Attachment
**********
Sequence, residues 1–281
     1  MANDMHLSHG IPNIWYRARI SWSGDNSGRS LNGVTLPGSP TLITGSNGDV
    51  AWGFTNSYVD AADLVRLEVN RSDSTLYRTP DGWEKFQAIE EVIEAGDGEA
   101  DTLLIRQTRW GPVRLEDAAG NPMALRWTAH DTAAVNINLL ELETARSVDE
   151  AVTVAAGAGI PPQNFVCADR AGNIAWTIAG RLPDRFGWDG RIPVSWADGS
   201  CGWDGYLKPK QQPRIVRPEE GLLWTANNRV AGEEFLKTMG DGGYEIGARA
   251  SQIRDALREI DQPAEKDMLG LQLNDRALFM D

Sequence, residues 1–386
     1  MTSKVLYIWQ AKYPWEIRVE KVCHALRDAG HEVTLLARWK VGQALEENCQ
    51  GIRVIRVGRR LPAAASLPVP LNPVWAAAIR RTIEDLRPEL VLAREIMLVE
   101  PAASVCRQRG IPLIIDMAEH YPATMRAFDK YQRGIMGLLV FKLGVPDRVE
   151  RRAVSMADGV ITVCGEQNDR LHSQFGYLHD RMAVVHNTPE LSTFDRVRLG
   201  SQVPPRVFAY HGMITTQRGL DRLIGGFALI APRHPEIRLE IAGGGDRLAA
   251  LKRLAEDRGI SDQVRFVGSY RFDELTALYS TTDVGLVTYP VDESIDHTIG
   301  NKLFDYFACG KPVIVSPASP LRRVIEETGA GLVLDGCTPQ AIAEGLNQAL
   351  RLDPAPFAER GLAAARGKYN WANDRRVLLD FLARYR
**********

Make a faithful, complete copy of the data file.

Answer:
Sequence, residues 1–281
     1  MANDMHLSHG IPNIWYRARI SWSGDNSGRS LNGVTLPGSP TLITGSNGDV
    51  AWGFTNSYVD AADLVRLEVN RSDSTLYRTP DGWEKFQAIE EVIEAGDGEA
   101  DTLLIRQTRW GPVRLEDAAG NPMALRWTAH DTAAVNINLL ELETARSVDE
   151  AVTVAAGAGI PPQNFVCADR AGNIAWTIAG RLPDRFGWDG RIPVSWADGS
   201  CGWDGYLKPK QQPRIVRPEE GLLWTANNRV AGEEFLKTMG DGGYEIGARA
   251  SQIRDALREI DQPAEKDMLG LQLNDRALFM D

Sequence, residues 1–386
     1  MTSKVLYIWQ AKYPWEIRVE KVCHALRDAG HEVTLLARWK VGQALEENCQ
    51  GIRVIRVGRR LPAAASLPVP LNPVWAAAIR RTIEDLRPEL VLAREIMLVE
   101  PAASVCRQRG IPLIIDMAEH YPATMRAFDK YQRGIMGLLV FKLGVPDRVE
   151  RRAVSMADGV ITVCGEQNDR LHSQFGYLHD RMAVVHNTPE LSTFDRVRLG
   201  SQVPPRVFAY HGMITTQRGL DRLIGGFALI APRHPEIRLE IAGGGDRLAA
   251  LKRLAEDRGI SDQVRFVGSY RFDELTALYS TTDVGLVTYP VDESIDHTIG
   301  NKLFDYFACG KPVIVSPASP LRRVIEETGA GLVLDGCTPQ AIAEGLNQAL
   351  RLDPAPFAER GLAAARGKYN WANDRRVLLD FLARYR